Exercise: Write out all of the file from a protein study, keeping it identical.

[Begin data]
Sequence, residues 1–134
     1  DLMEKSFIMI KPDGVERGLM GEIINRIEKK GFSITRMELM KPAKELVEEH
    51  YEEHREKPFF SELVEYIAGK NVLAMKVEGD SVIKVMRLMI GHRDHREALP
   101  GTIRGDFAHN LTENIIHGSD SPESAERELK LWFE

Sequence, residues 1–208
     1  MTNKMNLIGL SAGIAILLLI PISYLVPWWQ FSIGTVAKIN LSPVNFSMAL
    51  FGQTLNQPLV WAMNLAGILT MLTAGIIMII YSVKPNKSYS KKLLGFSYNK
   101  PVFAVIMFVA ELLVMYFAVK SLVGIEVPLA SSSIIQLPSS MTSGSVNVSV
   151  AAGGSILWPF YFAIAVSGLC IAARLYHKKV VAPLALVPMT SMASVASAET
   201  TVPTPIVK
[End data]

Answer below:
Sequence, residues 1–134
     1  DLMEKSFIMI KPDGVERGLM GEIINRIEKK GFSITRMELM KPAKELVEEH
    51  YEEHREKPFF SELVEYIAGK NVLAMKVEGD SVIKVMRLMI GHRDHREALP
   101  GTIRGDFAHN LTENIIHGSD SPESAERELK LWFE

Sequence, residues 1–208
     1  MTNKMNLIGL SAGIAILLLI PISYLVPWWQ FSIGTVAKIN LSPVNFSMAL
    51  FGQTLNQPLV WAMNLAGILT MLTAGIIMII YSVKPNKSYS KKLLGFSYNK
   101  PVFAVIMFVA ELLVMYFAVK SLVGIEVPLA SSSIIQLPSS MTSGSVNVSV
   151  AAGGSILWPF YFAIAVSGLC IAARLYHKKV VAPLALVPMT SMASVASAET
   201  TVPTPIVK